Can Southern magnolia trees survive in Boston? I thought not. Even the Arboretum’s own Bulletin of Popular Information, didn’t think so, saying in May of 1911 that Magnolia grandiflora is “not hardy at the north.” That changed in 1983, when a tree was planted behind the Visitor Center. More accessible, however, is a tree just off Meadow Road behind a red maple. Planted in 1998, this cultivar — Bracken’s Brown Beauty — is doing very well.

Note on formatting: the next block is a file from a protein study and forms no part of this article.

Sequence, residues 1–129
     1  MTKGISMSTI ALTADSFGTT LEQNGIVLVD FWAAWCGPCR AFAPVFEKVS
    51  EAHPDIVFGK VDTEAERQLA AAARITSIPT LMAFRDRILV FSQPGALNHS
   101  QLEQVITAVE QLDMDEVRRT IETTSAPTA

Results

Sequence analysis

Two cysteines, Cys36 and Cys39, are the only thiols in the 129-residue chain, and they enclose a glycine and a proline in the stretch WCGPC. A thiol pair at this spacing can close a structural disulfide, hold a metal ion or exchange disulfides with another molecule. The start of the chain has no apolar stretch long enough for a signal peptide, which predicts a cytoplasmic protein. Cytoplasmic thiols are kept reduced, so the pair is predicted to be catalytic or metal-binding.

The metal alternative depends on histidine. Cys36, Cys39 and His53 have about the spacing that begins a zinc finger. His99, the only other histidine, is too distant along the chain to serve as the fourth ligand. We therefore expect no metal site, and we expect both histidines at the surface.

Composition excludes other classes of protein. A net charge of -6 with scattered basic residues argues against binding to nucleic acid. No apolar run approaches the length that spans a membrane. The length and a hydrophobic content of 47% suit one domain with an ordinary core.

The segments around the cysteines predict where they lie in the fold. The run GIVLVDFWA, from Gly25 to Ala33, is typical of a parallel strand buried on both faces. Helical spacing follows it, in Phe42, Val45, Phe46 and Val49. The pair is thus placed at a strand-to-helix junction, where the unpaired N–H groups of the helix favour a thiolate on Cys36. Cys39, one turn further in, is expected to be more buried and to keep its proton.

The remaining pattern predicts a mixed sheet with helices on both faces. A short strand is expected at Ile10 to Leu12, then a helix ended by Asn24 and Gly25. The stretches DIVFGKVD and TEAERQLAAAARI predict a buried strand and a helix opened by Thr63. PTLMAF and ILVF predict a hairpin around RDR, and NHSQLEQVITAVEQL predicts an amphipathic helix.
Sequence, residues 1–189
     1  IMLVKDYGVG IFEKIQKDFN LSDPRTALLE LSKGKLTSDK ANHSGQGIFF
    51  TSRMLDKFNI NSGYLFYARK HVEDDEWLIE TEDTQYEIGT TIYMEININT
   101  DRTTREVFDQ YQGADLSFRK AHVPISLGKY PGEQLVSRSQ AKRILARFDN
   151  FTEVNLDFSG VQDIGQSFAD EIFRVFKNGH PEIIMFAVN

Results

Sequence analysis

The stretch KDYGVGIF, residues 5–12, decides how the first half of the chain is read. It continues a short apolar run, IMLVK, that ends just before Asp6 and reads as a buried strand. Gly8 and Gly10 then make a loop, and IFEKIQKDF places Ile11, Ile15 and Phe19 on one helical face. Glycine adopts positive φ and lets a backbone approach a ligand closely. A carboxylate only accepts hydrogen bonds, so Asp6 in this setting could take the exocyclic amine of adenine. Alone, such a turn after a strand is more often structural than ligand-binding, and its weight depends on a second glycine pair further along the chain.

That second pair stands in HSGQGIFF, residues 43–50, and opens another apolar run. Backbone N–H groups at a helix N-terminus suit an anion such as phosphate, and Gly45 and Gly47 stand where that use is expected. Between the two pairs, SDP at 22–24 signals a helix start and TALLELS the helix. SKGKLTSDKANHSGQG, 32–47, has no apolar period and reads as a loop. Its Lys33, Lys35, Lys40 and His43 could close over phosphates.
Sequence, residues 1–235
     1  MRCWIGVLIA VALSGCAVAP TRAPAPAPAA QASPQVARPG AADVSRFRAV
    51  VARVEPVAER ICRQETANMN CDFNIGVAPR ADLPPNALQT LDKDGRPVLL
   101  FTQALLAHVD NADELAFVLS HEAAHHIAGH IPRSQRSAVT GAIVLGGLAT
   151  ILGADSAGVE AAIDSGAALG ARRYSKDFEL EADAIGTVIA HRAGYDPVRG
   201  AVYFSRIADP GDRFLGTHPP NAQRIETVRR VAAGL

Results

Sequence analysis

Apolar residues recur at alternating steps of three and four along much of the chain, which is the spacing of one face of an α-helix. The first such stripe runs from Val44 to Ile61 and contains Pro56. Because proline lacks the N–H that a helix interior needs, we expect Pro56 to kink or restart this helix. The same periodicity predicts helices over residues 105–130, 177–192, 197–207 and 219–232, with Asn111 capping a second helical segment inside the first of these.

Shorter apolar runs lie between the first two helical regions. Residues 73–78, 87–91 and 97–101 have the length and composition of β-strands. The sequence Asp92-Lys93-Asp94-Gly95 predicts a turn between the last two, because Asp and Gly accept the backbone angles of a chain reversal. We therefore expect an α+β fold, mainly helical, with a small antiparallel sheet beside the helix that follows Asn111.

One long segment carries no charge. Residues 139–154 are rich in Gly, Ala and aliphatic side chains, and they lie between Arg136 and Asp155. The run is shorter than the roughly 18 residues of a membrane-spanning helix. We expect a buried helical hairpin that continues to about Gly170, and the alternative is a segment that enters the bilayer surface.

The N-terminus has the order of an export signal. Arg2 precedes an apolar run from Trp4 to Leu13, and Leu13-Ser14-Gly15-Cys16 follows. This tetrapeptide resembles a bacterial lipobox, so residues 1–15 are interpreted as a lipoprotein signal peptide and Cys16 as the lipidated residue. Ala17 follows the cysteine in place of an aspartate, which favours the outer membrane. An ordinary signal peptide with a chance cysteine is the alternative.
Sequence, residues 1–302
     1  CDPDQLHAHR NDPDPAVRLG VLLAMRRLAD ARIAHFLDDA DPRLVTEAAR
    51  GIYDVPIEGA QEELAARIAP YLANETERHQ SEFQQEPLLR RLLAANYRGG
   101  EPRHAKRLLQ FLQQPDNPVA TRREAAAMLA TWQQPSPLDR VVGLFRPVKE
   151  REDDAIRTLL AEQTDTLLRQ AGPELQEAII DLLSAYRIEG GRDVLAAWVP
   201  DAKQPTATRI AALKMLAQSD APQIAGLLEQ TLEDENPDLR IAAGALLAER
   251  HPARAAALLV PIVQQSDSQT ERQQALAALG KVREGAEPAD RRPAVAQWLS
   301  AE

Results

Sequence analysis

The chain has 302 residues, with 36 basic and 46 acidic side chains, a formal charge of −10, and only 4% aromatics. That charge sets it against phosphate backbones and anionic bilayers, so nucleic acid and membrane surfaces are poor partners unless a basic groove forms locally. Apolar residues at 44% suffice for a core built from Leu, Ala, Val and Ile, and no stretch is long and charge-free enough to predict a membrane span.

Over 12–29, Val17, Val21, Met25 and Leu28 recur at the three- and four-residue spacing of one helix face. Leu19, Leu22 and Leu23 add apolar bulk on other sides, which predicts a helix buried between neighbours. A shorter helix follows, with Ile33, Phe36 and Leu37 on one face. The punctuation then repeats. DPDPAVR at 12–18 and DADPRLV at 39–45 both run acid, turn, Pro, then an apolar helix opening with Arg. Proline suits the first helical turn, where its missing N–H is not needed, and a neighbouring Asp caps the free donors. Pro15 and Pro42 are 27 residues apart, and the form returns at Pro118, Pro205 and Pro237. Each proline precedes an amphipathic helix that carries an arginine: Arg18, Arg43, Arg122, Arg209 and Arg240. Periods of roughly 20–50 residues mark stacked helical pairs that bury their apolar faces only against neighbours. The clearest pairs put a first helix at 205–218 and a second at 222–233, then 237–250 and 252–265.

Arboretum: Southern Magnolia, Wildflowers, and Parasitic Plants
Posted in Nature Tagged aquatic plants, Arnold Arboretum, asters, bladderworts, Boston, Cephalanthus occidentalis, Circaea lutetiana, coffee family, cuscuta, eastern cottontail rabbit, eutrochium, Hibiscus moscheutos, Lythrum salicaria, magnolia grandiflora, magnolias, mallow family, mammals, Massachusetts, morning glory family, Phytolacca americana, plants, pokeweeds, primrose family, rabbits, shrubs, Silphium perfoliatum, trees, vines Comments Off on Arboretum: Southern Magnolia, Wildflowers, and Parasitic Plants